Why do I feel the need to write this piece? It's to counter the marketing machines which have done a great job convincing people that they need a full frame sensor. They are preying on unknowing customers and it is wrong. Try it yourself. Walk into a camera store and tell them you are looking for a pro quality camera. Do they pull the micro 4/3rds body from the case or the more expensive full frame DSLR? I think you already know the answer. These camera salespeople need to be educated as well. Then again, if they work on commission it's their job to mislead you. This is why I am voicing the benefits of micro 4/3rds systems.
My cameras have five stops of image stabilization built into them. This means I can hand hold at much slower shutter speeds than a DSLR. This alone negates any ISO advantages the full frame sensor had. Then, there's the depth of field benefits of micro 4/3rds. At f4 I am gathering a ton of light but getting the equivalent to f8 depth of field. This means there's no diffraction to worry about as I am using the lens in it's sweet spot. When I want shallow depth of field I use one of the many amazing f1.8 lenses. For a trip to Iceland I even rented a Panasonic f1.2 lens. Let me tell you, the bokeh was beautiful. So tell me where I've gone wrong here? I'm inviting the trolls to chime in. I'm shooting more, selling more, and enjoying my photography more. How can you still justify the extra cost and size of a full frame system?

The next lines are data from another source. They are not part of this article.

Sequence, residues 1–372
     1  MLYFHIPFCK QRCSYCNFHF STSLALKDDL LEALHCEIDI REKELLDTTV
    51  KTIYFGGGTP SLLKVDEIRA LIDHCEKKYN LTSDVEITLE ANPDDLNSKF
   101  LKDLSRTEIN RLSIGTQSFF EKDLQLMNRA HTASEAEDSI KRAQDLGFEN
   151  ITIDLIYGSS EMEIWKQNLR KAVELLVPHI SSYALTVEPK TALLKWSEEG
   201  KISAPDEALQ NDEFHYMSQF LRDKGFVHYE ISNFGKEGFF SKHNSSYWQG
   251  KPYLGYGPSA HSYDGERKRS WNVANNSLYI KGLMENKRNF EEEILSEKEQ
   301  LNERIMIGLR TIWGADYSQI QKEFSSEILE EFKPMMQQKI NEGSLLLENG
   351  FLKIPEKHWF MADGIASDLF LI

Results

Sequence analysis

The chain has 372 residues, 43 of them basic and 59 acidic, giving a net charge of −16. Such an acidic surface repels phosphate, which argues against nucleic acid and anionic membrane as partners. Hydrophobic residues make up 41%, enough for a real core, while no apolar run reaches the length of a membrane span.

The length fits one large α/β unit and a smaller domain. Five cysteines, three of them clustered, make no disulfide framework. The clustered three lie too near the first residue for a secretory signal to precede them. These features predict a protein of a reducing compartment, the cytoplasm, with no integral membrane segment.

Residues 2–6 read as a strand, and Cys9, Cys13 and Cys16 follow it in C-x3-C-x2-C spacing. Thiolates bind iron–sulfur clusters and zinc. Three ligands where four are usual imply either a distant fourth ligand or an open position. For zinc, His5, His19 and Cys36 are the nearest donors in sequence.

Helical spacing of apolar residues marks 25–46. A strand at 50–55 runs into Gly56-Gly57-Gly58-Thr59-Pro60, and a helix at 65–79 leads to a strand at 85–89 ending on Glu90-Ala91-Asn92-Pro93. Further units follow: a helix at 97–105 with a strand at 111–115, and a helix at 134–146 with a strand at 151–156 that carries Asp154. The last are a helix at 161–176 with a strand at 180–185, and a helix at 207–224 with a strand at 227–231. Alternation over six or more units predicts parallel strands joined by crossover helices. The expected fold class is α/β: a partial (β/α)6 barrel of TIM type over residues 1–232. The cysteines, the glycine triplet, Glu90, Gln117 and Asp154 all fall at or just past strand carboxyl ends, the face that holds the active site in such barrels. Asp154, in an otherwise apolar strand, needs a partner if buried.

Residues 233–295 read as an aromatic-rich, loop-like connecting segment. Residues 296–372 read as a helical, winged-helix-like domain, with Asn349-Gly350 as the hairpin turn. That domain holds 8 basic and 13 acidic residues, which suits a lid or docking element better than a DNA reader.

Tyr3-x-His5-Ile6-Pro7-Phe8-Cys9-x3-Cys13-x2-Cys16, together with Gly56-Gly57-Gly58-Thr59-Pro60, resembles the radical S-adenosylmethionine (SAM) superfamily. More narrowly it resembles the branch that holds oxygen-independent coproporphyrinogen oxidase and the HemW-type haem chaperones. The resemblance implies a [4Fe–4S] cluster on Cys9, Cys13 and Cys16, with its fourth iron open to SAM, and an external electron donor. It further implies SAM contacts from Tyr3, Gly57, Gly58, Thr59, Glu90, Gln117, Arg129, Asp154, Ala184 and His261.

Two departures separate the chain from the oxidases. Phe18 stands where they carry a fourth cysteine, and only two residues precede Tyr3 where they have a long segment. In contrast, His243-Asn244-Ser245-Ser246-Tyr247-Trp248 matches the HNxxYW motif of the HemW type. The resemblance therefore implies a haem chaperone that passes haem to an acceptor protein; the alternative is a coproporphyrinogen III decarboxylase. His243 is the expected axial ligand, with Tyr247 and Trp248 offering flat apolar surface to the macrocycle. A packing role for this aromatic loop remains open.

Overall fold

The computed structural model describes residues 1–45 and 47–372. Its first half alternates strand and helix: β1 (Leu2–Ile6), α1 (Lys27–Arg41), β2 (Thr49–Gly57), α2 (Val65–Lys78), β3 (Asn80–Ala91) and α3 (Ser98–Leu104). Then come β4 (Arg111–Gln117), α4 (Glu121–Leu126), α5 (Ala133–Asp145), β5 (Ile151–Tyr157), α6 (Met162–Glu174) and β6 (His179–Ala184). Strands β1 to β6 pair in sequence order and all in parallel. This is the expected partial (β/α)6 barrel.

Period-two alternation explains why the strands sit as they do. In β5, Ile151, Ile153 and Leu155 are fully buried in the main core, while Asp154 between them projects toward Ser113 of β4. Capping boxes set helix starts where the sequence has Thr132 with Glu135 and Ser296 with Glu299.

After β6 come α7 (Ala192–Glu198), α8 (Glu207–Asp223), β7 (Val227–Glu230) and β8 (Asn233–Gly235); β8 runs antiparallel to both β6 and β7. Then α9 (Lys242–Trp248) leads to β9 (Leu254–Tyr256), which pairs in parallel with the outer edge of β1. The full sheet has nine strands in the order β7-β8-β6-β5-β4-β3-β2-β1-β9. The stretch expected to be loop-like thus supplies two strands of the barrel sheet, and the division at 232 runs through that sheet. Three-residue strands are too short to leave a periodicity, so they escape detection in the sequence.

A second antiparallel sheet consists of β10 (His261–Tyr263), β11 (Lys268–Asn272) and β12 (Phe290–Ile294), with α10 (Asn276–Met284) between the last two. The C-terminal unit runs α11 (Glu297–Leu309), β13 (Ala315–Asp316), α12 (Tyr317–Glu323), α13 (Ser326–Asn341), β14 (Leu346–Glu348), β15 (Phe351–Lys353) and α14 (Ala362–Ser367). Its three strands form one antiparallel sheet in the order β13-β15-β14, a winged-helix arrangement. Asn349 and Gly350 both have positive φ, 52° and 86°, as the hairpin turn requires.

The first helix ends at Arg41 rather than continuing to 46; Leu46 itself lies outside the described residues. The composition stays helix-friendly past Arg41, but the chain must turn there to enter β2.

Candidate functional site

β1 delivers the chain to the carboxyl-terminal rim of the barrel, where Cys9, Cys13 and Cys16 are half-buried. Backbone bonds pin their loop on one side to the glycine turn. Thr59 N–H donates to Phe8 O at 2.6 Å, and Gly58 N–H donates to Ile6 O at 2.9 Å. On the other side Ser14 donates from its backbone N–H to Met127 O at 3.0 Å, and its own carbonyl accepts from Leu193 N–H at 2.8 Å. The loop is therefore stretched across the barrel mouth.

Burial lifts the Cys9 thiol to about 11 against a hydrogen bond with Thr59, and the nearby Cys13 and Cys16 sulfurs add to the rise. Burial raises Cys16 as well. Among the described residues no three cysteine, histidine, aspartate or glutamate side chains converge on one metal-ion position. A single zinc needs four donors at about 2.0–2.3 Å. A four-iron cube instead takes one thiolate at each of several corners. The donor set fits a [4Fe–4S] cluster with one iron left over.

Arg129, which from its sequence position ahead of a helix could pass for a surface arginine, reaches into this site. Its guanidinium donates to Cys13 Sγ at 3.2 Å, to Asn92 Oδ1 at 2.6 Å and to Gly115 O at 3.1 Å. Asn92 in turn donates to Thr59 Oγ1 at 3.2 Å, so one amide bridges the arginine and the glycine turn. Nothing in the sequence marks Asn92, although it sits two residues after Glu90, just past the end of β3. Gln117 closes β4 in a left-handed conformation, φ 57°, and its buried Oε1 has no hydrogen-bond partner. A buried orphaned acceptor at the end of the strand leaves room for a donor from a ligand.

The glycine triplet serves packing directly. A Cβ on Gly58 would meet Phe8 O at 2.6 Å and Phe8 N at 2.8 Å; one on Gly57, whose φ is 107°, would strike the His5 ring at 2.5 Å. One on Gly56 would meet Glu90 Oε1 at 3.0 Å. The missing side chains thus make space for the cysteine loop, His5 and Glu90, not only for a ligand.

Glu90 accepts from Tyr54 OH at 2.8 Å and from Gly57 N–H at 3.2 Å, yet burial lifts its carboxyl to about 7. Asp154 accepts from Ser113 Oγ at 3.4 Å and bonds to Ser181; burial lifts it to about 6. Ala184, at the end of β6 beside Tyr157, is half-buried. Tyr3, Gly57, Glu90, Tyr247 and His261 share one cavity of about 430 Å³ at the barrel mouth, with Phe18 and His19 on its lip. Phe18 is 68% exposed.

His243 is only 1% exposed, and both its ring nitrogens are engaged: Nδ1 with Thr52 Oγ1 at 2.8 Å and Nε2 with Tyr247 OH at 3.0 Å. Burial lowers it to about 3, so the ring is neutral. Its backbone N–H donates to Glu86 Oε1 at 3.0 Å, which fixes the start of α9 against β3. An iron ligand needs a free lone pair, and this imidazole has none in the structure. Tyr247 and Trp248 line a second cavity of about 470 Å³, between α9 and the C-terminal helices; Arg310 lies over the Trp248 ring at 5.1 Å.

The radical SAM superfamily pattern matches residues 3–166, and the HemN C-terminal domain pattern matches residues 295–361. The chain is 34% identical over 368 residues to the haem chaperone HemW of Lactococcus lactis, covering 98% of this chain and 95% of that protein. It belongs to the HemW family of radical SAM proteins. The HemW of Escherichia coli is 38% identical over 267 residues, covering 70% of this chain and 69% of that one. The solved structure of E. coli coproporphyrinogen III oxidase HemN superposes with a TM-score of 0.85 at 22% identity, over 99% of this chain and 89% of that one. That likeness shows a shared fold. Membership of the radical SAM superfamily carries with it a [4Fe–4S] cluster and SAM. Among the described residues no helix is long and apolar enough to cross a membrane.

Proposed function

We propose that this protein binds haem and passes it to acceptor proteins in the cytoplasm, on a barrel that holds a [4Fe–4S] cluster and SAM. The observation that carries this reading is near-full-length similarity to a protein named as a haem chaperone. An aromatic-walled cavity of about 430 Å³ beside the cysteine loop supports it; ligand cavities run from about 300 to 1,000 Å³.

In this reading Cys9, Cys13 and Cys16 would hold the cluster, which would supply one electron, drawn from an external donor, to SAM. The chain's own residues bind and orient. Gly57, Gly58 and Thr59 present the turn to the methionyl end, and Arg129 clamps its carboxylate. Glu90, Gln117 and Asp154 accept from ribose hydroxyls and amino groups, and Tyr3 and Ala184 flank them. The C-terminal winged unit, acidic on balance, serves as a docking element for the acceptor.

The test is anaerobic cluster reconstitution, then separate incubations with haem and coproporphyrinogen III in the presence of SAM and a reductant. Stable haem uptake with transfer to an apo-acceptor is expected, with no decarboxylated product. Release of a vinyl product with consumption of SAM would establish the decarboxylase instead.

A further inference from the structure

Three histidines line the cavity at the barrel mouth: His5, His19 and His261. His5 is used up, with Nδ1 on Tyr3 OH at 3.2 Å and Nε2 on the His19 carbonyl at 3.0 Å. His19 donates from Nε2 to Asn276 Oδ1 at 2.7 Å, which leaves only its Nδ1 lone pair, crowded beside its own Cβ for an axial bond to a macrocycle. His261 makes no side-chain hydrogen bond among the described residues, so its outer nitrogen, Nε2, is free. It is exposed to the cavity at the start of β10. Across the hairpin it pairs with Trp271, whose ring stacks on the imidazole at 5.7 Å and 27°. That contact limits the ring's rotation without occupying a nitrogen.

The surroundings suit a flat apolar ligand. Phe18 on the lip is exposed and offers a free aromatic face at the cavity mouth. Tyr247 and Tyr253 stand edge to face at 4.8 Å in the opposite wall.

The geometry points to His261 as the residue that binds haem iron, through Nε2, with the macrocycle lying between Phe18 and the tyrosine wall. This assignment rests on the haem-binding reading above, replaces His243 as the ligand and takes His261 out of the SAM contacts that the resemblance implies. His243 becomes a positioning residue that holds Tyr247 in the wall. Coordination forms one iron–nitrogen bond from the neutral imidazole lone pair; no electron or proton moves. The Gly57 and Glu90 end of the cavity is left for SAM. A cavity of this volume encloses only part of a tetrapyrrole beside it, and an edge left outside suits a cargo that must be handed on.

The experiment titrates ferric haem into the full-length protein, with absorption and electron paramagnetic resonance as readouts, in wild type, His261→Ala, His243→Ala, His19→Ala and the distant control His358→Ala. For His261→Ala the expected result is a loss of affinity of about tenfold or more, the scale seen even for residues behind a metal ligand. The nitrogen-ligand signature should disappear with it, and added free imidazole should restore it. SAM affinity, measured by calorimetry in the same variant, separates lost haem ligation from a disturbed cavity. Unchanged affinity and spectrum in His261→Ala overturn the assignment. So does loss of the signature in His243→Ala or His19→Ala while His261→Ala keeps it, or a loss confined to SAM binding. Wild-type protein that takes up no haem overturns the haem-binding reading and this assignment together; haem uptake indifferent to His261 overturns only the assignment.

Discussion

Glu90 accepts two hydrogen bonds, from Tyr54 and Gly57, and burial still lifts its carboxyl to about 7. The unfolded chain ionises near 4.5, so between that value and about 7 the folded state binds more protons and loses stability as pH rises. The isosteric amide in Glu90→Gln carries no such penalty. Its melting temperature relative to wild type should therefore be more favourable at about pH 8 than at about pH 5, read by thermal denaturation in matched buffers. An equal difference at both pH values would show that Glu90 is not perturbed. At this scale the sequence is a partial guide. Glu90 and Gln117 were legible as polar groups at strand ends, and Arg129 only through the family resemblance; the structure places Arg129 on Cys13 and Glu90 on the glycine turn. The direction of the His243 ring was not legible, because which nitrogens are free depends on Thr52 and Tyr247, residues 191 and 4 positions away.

With just two lenses (12-40mm f2.8 and 40-150mm 2.8) I have the full frame equivalent to 24-300mm at a constant aperture of 2.8. These lenses combined weigh less than three pounds and totaled $2500. Alternatively, a Canon 300mm f2.8 runs over $6000 and weighs in just over five pounds. In addition to this monster, you'd still have to buy other lenses to cover the entire focal range at f2.8. This means more cash and weight. The idea that bigger is better has come and gone. Your new photography philosophy should be "less is more".
I've sold all of my Canon gear, every last bit of it. I would recommend you do the same. Use eBay to get the best return. DSLRs are a dying breed, and full frame sensors are a sales gimmick for an industry with a shrinking bottom line. Don't feed into the machine. I just saved you thousands of dollars and a sore back. Use the savings to take a trip to Iceland or Rome, or New York. Along your travels you will run into haters who are still clinging to their old ways. The same was also true of film, but look how that ended.
If I sound upset, it's because I am. It's simply not right for camera manufacturers to take advantage of people. A camera is only as good as the person using it. Give a veteran National Geographic photographer like Jim Brandenburg a basic point and shoot camera, and he will create spectacular art. You can do the same if you get out of the rat race and shift your focus. The camera that you are going to bring with you all the time is the one you should own. Are you really hiking up that mountain with a six thousand dollar 300mm f2.8?
For those of you who dream of becoming a professional photographer, now is the perfect time. You can get into the game at a fraction of the price it used to cost. You have to be super careful of who you listen to regarding your gear recommendations. In fact, you're going to have to go against popular opinion. This is not easy when you're just starting out, but remember how this article started. I made more sales with my micro 4/3rds camera than my full frame.
Cypress Trees at Dievole Villa in Tuscany. Created by zooming in during a slow exposure.